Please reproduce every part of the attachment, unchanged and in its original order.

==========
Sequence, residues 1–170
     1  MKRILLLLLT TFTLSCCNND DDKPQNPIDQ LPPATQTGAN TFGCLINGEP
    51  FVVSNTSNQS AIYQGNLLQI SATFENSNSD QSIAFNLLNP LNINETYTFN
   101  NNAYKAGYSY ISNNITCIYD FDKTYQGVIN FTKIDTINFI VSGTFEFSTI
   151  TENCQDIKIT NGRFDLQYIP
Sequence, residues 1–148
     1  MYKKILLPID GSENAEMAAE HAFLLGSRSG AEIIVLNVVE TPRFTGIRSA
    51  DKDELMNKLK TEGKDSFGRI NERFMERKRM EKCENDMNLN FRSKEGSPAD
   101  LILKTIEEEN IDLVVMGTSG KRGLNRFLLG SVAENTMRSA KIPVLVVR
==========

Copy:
Sequence, residues 1–170
     1  MKRILLLLLT TFTLSCCNND DDKPQNPIDQ LPPATQTGAN TFGCLINGEP
    51  FVVSNTSNQS AIYQGNLLQI SATFENSNSD QSIAFNLLNP LNINETYTFN
   101  NNAYKAGYSY ISNNITCIYD FDKTYQGVIN FTKIDTINFI VSGTFEFSTI
   151  TENCQDIKIT NGRFDLQYIP
Sequence, residues 1–148
     1  MYKKILLPID GSENAEMAAE HAFLLGSRSG AEIIVLNVVE TPRFTGIRSA
    51  DKDELMNKLK TEGKDSFGRI NERFMERKRM EKCENDMNLN FRSKEGSPAD
   101  LILKTIEEEN IDLVVMGTSG KRGLNRFLLG SVAENTMRSA KIPVLVVR